AAII Survey: CEO Impact on Retail Investment Decision

image_pdfimage_print

For some companies, a current or former chief executive is inextricably linked. It’s difficult to think of Berkshire Hathaway without also conjuring up the name Warren Buffett. Jack Welch and General Electric. Rupert Murdoch and News Corp. Jamie Dimon and JPMorgan Chase. The list goes on and on.

Recently, a few well-known companies have seen their stock prices suffer because of the actions of their CEOs. Papa John’s founder John Schnatter stepped down as CEO in early 2018 after comments he made criticizing NFL commissioner Roger Goodell for not doing more to prevent player protests. The NFL was a key corporate partner and sales appeared to have suffered in the aftermath of the comments. Schnatter resigned as chief executive in July following the release of a recording in which he used a racial slur during a conference call with a marketing agency. Schantter subsequently sued the company he founded, contending the board did not do their due diligence in performing an investigation prior to asking him to step down. Schnatter has also been reaching out to private equity firms in the hopes of buying Papa John’s.

Tesla founder and chief executive Elon Musk has also garnered a lot of unwanted press over the last few months. An active Twitter user, Musk has raised a lot of eyebrows and even the ire of the SEC through his social media postings. On August 7, Musk tweeted: “Am considering taking Tesla private at $420. Funding secured.” Tesla stock ended the day up nearly 11%. However, on August 13, Telsa published a blog post attributed to Musk in which he attempted to walk back his Aug 7 tweets, saying when he first tweeted his intention, it was based on his impression that there was “no question” that a deal with the sovereign fund could be closed and that it was “just a matter of getting the process moving.” On August 24, a post published on Tesla’s public blog announced that Musk had abandoned the process of attempting to take Tesla private. Subsequently, on September 27, the U.S. Securities and Exchange Commission filed a lawsuit against Musk for fraud and sought to remove him from Tesla. The SEC alleged that Musk chose a $420 price for possibly taking Tesla private because it is a marijuana culture reference that would “amuse” his girlfriend. In late September, Musk and the SEC reached a settlement, which calls for Musk to step aside as chairman for three years and pay a $20 million fine. In addition, the settlement requires Musk to scale back his tweeting. However, just days after the two parties reached their settlement, Musk fired off a tweet calling the SEC the “Shortseller Enrichment Committee.” The SEC has yet to respond.

AAII Weekly Survey Question

With these examples of “CEOs behaving badly,” we were curious how much our readers pay attention to the man or woman in the captain’s chair of companies they invest in. So last week’s survey question asked:

To what extent does your confidence (or lack thereof) in a company’s CEO impact your decision to invest in it?

Here are the results of the survey:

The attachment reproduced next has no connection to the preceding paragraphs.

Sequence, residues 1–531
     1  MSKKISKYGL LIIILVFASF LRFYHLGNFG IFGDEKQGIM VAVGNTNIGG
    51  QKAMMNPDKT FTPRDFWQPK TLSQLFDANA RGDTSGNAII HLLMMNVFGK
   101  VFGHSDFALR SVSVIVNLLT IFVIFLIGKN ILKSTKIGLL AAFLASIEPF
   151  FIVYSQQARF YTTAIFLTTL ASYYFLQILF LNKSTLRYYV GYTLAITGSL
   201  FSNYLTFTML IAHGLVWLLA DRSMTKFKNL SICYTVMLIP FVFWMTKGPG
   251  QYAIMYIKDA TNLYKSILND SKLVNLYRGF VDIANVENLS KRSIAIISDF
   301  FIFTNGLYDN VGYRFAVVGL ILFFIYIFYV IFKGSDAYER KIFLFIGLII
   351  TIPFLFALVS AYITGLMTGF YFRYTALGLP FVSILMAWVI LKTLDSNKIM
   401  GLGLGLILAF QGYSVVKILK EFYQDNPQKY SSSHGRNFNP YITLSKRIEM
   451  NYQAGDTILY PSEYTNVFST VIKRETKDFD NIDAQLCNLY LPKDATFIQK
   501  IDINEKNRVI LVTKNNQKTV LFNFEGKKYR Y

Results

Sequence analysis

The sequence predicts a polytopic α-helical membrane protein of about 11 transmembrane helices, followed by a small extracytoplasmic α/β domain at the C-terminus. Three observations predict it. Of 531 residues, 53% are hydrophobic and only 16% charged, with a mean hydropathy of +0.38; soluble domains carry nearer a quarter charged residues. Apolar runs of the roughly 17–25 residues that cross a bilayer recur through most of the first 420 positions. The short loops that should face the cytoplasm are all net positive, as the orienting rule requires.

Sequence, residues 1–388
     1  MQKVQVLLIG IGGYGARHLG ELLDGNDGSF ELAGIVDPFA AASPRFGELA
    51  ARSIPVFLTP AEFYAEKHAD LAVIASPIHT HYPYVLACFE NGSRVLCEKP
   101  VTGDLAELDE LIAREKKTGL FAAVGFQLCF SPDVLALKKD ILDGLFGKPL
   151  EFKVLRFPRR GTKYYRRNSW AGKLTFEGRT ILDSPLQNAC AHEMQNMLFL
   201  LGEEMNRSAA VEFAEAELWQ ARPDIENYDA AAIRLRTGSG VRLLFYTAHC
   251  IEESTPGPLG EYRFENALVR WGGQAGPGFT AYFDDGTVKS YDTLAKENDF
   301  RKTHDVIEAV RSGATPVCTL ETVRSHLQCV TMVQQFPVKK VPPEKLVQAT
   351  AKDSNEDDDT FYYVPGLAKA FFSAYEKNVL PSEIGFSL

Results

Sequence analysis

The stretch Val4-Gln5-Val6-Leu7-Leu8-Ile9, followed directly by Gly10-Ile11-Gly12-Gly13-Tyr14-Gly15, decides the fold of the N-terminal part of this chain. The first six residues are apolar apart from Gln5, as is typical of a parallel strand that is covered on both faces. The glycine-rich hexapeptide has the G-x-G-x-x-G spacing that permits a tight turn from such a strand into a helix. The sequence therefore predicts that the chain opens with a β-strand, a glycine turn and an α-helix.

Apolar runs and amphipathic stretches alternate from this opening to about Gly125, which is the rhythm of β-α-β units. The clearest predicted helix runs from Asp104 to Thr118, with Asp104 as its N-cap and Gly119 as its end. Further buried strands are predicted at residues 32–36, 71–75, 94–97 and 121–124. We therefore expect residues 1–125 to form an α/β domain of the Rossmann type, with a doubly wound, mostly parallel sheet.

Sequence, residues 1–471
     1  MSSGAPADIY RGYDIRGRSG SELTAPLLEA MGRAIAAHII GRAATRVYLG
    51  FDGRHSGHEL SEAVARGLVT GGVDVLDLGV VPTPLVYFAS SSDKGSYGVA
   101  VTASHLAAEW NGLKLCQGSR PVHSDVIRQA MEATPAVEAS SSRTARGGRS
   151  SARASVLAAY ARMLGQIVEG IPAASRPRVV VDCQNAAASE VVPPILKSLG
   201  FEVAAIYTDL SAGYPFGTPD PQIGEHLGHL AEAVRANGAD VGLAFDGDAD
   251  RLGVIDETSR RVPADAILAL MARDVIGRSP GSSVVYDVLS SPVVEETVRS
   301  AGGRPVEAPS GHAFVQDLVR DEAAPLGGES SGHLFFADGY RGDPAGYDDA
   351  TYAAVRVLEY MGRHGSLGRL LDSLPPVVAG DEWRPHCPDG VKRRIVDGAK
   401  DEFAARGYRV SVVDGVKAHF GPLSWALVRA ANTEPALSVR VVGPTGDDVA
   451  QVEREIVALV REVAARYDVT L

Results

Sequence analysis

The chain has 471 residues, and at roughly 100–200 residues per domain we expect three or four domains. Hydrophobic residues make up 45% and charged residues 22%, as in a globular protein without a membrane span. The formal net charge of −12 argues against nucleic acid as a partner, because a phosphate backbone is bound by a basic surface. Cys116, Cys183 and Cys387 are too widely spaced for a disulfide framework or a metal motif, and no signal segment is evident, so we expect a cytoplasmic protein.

In all, 1,394 readers participated.

The majority of readers (55%) say their confidence in a CEO does, at least to a moderate extent, play a role in whether they invest in a company. A third of our readers say their confidence in the CEO has, to a great extent, an impact on the investment decision-making process.

Another 18% say their confidence in a CEO impacts their decision to invest in a company to only a small extent.

Nine percent of readers say the CEO plays no role in whether they invest in a particular company.

Weekly Special Question

Having asked our readers whether their confidence or lack thereof, in a CEO impacts their decision to invest in that company, our weekly special question asks what qualities they look for in a chief executive.

Specifically, we asked:

When gauging the strength of a CEO, what qualities do you look for?

In all, we received 172 responses.

From the responses, only 5% of responses say they do not consider the chief executive when investing in a company.

Among those that do consider who’s running the company before investing in it, more than a quarter (27%) say they consider the morals and ethics of a CEO.

Another 23% consider the past performance of the chief executive.

Roughly 10% of readers consider the CEOs leadership experience before investing in the company.

Other top traits our readers are looking for from a chief executive include:

  • Good communication
  • Innovative thinker
  • Understand their industry
  • Common sense

Here is a sampling of the responses from our readers as to where they feel individual investors have an advantage over institutional investors:

  • “‘Vision’, the ability to make few mistakes, ability to communicate.”
  • “Clarity of mission.”
  • “I cannot evaluate CEOs by myself.”
  • “Competence, integrity, ethical toward customers and employees.”
  • “I do not pay too much attention to the strength of a CEO. I feel that good companies that are growing and are sound have a good CEO.”
  • “The CEO has two primary responsibilities. Avoid making poor investment decisions and pick a successor.”
  • “Knowledge of the business from an operational and financial point of view. The ability to think strategically and build a progressive and forward-thinking leadership team.”
  • “Ability to articulate a meaningful vision and ability to engage with all stakeholders–employees, customers, shareholders, communities, etc.”

Everybody has an opinion! Why not give us yours? Participate in our weekly member poll, updated every Monday, and see the results online at www.aaii.com/memberquestion.

 

 

Leave a Reply

Your email address will not be published. Required fields are marked *